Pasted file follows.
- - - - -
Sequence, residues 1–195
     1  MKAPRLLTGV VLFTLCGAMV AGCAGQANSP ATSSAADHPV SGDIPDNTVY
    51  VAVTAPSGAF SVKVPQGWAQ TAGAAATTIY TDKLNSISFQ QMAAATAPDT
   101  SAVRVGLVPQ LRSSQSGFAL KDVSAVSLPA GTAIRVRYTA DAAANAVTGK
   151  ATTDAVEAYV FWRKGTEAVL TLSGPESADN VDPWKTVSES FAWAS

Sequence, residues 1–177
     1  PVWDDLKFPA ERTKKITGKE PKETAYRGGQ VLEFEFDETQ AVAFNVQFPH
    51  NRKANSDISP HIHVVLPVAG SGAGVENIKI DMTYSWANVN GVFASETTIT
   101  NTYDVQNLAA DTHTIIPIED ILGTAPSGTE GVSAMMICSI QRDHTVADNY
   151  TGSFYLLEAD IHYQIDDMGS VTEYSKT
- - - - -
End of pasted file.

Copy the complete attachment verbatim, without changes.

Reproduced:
Sequence, residues 1–195
     1  MKAPRLLTGV VLFTLCGAMV AGCAGQANSP ATSSAADHPV SGDIPDNTVY
    51  VAVTAPSGAF SVKVPQGWAQ TAGAAATTIY TDKLNSISFQ QMAAATAPDT
   101  SAVRVGLVPQ LRSSQSGFAL KDVSAVSLPA GTAIRVRYTA DAAANAVTGK
   151  ATTDAVEAYV FWRKGTEAVL TLSGPESADN VDPWKTVSES FAWAS

Sequence, residues 1–177
     1  PVWDDLKFPA ERTKKITGKE PKETAYRGGQ VLEFEFDETQ AVAFNVQFPH
    51  NRKANSDISP HIHVVLPVAG SGAGVENIKI DMTYSWANVN GVFASETTIT
   101  NTYDVQNLAA DTHTIIPIED ILGTAPSGTE GVSAMMICSI QRDHTVADNY
   151  TGSFYLLEAD IHYQIDDMGS VTEYSKT